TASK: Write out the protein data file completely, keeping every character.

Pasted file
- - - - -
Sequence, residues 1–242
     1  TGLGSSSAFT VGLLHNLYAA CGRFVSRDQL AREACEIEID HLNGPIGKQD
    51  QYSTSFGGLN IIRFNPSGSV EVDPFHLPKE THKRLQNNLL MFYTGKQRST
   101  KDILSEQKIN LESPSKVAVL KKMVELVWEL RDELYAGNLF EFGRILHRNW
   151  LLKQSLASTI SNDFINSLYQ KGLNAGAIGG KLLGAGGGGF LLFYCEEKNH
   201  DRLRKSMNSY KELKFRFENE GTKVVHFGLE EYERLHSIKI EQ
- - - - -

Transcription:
Sequence, residues 1–242
     1  TGLGSSSAFT VGLLHNLYAA CGRFVSRDQL AREACEIEID HLNGPIGKQD
    51  QYSTSFGGLN IIRFNPSGSV EVDPFHLPKE THKRLQNNLL MFYTGKQRST
   101  KDILSEQKIN LESPSKVAVL KKMVELVWEL RDELYAGNLF EFGRILHRNW
   151  LLKQSLASTI SNDFINSLYQ KGLNAGAIGG KLLGAGGGGF LLFYCEEKNH
   201  DRLRKSMNSY KELKFRFENE GTKVVHFGLE EYERLHSIKI EQ